Talking tech since 2003

The Chairman of the Federal Communications Commission, Tom Wheeler, laid out new several new proposals for network neutrality rules in a statement today, also saying that the agency won’t appeal a court decision that struck down the FCC’s previous attempt at rule-making.

The statement, which comes amid reports that Internet providers are slowing sites like Netflix, also said that while the FCC isn’t appealing the decision it would explore new ways to stop improper “blocking” and “discrimination” on the Internet.

The FCC’s decision to not appeal the ruling isn’t necessarily surprising considering the fact the court’s ruling was legally sound.  If anyone is to blame for the ruling it’s the FCC which essentially botched the way it constructed the rules without receiving the proper authority.  But now that the FCC has caused alarm for Internet users, Wheeler has outlined how he plans to resolve the problem and put net neutrality back in place.

In the statement Wheeler writes:

I  intend to accept that invitation by proposing rules that will meet the court’s test for preventing improper blocking of and discrimination among Internet traffic […] Thus, we will consider (1) setting an enforceable legal standard that provides guidance and predictability to edge providers, consumers, and broadband providers alike; (2) evaluating on a case-by-case basis whether that standard is met; and (3) identifying key behaviors by broadband providers that the Commission would view with particular skepticism.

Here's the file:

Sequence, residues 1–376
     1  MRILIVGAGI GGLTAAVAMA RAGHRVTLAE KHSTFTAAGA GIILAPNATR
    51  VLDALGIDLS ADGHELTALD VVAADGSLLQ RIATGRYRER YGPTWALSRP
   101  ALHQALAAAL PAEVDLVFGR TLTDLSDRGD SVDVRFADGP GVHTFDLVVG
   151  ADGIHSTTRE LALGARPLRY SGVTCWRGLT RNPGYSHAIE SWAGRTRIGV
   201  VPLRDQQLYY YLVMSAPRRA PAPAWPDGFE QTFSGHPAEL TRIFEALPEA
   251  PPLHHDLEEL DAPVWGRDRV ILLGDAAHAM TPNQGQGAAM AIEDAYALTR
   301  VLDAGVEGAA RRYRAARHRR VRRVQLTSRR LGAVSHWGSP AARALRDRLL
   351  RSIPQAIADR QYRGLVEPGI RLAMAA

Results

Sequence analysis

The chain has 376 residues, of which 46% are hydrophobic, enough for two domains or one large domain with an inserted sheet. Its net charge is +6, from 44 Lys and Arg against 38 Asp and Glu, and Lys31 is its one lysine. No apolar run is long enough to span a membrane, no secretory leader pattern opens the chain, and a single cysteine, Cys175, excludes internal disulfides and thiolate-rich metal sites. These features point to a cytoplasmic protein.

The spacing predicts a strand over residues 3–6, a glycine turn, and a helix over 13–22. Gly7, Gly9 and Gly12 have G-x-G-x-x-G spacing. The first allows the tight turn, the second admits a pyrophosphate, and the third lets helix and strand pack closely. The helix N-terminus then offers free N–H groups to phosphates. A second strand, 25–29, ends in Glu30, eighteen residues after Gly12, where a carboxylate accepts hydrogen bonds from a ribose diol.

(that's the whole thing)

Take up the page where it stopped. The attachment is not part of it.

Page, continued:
While that all sounds great, I imagine it may prove to be [slightly] difficult to get these new rules “up and running.” Not to mention, I’m sure many Internet providers will be fighting tooth and nail along the way to any proposed rules.

That being said, Comcast is under court order to maintain compliance with the pre-existing net neutrality until 2018 (because of it was part of the agreement made when it acquired NBCUniversal).  And if the Time Warner Cable deal goes through, I would hope the rules would extend to those customers as well, which would give the FCC the much needed time to draft and get the new rules into place.


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